Which trichrome method? What kind of section (frozen, paraffin, plastic?)
Any post-fixation in something other than plain formalin before staining?
Provide the technical details, and you will get lots of advice!
Weeks in formaldehyde is not "prolonged" fixation unless the weeks
are numerous enough to make years. As a generality, trichrome methods
do not work very well after fixation in liquids that have formaldehyde as the
only active ingredient. Postfixation of the sections can compensate. Bouin
is frequently used. Saturated aqueous picric acid us just as good. There are
published reports that iodine and even citrate buffer will improve trichrome
staining of paraffin sections of formaldehyde-fixed tissue.
"Trichrome" has been applied to several staining techniques that use two
or more dyes. By convention, since about 1920, trichrome methods have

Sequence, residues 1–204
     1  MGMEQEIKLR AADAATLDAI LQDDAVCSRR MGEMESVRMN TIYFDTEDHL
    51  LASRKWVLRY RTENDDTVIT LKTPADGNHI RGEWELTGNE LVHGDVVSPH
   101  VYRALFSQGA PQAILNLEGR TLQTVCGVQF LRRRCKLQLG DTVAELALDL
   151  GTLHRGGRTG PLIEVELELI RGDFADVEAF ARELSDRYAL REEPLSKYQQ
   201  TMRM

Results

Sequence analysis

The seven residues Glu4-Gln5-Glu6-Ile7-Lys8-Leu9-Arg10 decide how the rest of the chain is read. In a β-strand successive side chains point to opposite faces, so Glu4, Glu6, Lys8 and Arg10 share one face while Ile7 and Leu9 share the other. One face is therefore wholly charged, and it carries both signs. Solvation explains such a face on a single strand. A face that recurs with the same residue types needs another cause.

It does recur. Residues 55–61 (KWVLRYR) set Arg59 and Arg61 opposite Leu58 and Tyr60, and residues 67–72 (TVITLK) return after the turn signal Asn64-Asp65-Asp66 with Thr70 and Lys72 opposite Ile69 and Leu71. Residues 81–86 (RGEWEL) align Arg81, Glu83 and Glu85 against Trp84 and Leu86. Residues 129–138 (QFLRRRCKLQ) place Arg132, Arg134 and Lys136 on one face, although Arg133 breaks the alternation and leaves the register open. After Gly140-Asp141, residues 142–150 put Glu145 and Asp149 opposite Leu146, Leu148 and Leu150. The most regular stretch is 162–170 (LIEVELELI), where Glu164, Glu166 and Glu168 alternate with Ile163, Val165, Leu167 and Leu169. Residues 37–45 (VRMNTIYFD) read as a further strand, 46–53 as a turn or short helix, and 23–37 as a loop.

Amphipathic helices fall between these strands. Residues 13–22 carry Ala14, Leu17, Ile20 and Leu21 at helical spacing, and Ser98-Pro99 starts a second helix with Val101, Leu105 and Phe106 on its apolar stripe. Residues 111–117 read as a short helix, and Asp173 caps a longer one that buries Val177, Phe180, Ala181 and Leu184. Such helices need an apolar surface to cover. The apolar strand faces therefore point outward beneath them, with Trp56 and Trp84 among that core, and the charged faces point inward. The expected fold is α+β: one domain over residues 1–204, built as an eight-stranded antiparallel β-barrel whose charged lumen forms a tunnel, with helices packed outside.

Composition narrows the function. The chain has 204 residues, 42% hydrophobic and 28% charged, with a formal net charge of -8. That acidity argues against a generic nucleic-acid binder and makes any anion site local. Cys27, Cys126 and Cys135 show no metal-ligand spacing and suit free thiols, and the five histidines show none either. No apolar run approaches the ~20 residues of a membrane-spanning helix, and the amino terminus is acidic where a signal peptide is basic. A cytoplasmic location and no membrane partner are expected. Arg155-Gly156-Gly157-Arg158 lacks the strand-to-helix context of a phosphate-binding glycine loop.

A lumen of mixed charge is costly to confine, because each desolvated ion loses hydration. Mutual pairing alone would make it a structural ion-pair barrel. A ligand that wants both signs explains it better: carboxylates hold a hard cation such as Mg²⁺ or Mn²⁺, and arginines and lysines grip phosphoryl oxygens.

been those using phosphomolybdic or phosphotungstic acid (or both) to
enable the staining of collagen and cytoplasm by anionic dyes with sharply
contrasting colours: blue or green for collagen, and red for cytoplasm
(including smooth & striated muscle). A third anionic dye, typically yellow
or orange, may be added to stain red blood cells. Instructions for
trichrome methods can be found in all textbooks of microtechnique and
= = =
----- Original Message -----
Date: Friday, November 7, 2008 20:17
Subject: [Histonet] Trichrome Question
> Performed a trichrome stain on a piece of colon which had been
> in formalin for? weeks.? Muscle stained blue instead of
> red.?What happened?? Does prolonged fixation react this way?
> Hope someone can shed some light on this.
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